Russia is not going to yield its sphere of influence in Syria to Donald Trump or anyone else. Russia has all but won the Syrian War as we speak. There is no longer any feasible pathway for the rebels to take the capital of Damascus. The non-ISIL groups have lost all major urban areas except for Ghouta near Damascus. They are bottled up there and in rural northern Idlib province, and likely the regime will overwhelm them in both places over the next year, with Russian air support. ISIL itself is on the verge of losing everything in Iraq and of being rolled up, over the next year or two, in Eastern Syria.
BBC Monitoring translated from Interfax for April 10,
“Kremlin spokesman Dmitry Peskov . . . said . . . “The American side has thus demonstrated its complete unwillingness to cooperate on Syria in any form or take account of each others’ interests and concerns. . . The return to pseudo-attempts to settle [the Syrian conflict] in the spirit of reciting ‘Assad must go’ mantras cannot bring anyone closer to political settlement in Syria,” he said. Peskov was commenting on remarks by French Foreign Minister Jean-Marc Ayrault, who earlier called on Russia to distance itself from Assad.”
Source: Interfax news agency, Moscow, in Russian 1015 gmt 10 Apr 17
I think we should take Moscow seriously on this.
What can be said is that there are four major local forces in Syria: 1) the western urban regime stretching from Damascus to Latakia and Aleppo; 2) the fundamentalist rebels, whether moderate Muslim Brotherhood or Salafi Jihadis such as the Freemen of Syria or the Syrian Conquest Front; 3) The YPG leftist Kurds in the northeast and 4) ISIL.
A caution: on the map above, the reddish areas under regime control look geographically small. They actually contain about 75 percent of the population.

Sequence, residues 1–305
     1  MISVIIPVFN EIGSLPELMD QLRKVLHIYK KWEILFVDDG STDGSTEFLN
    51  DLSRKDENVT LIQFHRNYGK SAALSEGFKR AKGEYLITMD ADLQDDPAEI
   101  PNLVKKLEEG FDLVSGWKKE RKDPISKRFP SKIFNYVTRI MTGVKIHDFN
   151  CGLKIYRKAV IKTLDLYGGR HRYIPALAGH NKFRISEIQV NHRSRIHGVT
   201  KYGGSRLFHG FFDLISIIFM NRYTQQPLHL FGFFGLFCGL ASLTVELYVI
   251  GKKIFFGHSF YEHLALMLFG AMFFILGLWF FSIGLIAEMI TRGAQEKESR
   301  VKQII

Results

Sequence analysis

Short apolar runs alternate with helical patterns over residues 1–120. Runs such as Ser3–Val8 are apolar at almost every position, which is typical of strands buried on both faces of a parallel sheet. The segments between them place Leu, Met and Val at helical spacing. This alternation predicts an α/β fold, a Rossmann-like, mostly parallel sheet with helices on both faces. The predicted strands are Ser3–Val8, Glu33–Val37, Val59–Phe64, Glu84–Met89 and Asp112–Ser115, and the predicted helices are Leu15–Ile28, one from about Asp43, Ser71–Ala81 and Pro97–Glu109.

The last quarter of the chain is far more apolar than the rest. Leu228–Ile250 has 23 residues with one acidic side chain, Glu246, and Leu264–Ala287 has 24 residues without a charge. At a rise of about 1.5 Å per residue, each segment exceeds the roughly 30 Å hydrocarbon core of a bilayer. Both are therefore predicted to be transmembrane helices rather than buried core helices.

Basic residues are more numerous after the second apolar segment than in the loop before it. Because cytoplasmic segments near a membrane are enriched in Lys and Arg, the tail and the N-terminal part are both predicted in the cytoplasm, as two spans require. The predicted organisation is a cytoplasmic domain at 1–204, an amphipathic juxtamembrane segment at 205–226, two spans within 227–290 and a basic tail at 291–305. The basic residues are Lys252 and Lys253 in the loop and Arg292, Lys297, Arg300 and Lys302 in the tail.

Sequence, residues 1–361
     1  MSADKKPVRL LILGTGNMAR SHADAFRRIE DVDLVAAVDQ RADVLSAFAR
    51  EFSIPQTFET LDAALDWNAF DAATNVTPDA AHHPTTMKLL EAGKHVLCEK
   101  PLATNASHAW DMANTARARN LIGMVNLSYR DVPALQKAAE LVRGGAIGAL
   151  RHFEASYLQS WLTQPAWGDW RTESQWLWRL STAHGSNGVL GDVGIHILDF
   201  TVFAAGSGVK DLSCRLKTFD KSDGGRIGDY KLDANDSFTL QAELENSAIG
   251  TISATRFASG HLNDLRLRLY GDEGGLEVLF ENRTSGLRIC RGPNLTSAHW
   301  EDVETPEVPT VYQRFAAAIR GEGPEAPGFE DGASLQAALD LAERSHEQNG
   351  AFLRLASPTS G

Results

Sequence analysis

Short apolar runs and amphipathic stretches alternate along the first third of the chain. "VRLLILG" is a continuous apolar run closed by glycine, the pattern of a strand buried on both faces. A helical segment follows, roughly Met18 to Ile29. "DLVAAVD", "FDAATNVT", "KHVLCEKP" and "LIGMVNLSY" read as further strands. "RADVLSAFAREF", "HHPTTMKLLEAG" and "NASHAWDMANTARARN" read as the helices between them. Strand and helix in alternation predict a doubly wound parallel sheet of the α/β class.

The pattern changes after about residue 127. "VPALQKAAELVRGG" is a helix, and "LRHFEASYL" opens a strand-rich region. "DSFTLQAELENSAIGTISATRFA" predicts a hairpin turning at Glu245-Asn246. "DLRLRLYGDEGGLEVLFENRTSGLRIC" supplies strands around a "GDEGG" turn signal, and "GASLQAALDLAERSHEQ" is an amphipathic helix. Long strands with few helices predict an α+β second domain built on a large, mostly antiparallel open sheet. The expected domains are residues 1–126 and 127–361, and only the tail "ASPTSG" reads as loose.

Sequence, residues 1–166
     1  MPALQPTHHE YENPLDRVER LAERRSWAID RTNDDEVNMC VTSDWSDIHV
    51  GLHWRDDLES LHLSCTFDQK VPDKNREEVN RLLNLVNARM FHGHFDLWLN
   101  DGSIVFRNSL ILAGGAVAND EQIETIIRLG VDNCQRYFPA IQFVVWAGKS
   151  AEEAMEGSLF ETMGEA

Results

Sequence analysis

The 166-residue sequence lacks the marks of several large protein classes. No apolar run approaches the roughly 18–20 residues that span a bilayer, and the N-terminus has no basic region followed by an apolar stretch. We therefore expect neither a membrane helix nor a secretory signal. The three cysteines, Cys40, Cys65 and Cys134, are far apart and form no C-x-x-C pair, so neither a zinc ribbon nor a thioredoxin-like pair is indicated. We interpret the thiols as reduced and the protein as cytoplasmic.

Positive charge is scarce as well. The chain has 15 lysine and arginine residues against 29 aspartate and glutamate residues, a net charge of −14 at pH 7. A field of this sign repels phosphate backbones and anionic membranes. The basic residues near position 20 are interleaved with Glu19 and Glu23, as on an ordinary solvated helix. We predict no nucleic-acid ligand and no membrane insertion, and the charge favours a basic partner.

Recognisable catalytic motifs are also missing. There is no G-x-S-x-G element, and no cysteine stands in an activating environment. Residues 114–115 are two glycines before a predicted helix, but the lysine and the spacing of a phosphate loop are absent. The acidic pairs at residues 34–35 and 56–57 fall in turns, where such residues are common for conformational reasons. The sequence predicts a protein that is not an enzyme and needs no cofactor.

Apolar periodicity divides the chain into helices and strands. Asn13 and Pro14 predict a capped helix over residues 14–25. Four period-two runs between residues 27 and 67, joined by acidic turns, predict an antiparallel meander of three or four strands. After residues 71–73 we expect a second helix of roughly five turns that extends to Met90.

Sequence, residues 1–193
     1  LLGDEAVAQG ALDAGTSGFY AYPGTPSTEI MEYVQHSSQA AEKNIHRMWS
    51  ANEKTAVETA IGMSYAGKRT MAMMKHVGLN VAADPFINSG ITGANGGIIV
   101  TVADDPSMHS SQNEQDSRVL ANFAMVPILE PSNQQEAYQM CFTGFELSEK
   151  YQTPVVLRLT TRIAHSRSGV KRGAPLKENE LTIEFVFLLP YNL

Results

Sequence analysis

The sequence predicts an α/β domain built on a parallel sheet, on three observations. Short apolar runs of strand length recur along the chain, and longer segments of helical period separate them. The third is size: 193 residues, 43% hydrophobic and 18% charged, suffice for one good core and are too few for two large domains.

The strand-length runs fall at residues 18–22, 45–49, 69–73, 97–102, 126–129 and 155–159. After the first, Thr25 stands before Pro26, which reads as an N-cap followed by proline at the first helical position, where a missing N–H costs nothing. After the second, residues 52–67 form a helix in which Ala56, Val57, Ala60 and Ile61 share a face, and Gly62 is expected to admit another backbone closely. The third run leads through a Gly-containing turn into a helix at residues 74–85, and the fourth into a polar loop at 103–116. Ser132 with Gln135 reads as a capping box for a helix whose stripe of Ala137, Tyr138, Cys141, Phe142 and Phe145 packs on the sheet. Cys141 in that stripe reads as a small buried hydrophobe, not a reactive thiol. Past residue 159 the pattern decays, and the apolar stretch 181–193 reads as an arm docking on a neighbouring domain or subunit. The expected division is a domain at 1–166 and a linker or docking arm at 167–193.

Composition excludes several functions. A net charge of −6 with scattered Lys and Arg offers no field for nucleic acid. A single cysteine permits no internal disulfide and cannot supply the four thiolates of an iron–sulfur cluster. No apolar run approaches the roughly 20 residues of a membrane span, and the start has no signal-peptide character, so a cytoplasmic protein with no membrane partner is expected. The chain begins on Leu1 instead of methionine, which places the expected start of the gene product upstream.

The east is an American sphere of influence, where the U.S. is backing leftist Kurds to take on ISIL.
There is also a small strip of land north of Aleppo that is a Turkish sphere of influence, where fundamentalist rebels are still operating, but it doesn’t amount to much and Turkey backed off challenging either Russia or the U.S.-Kurdish alliance in any frontal way.
The Syrian conflict is a challenge to economic theories of imperialism, whether that of J. A. Hobson or that of Vladimir Lenin. It is not about markets. It is not about monopoly capital. It is not about oil or hydrocarbon resources. It is not about pipelines. Other Middle East conflicts have taken place that could be explained that way. But today’s Syria isn’t such a case.
There simply is not much money to be made in Syria. Before the war it had a small population of 22 million. Its gross domestic product of $77 bn is less than that of the island of Puerto Rico and less than half that of Peru, one of the poorer countries in the Western Hemisphere.
Syria was pumping about 400,000 barrels a day of petroleum, which is next to nothing. One fracked field in North Dakota does that. Saudi Arabia does 10 mn b/d and Iraq does 3. Nor is the conflict about pipelines. Nowadays both oil and liquefied natural gas can be inexpensively exported by supertanker and while a pipeline might be nice it wouldn’t be worth fighting a war over.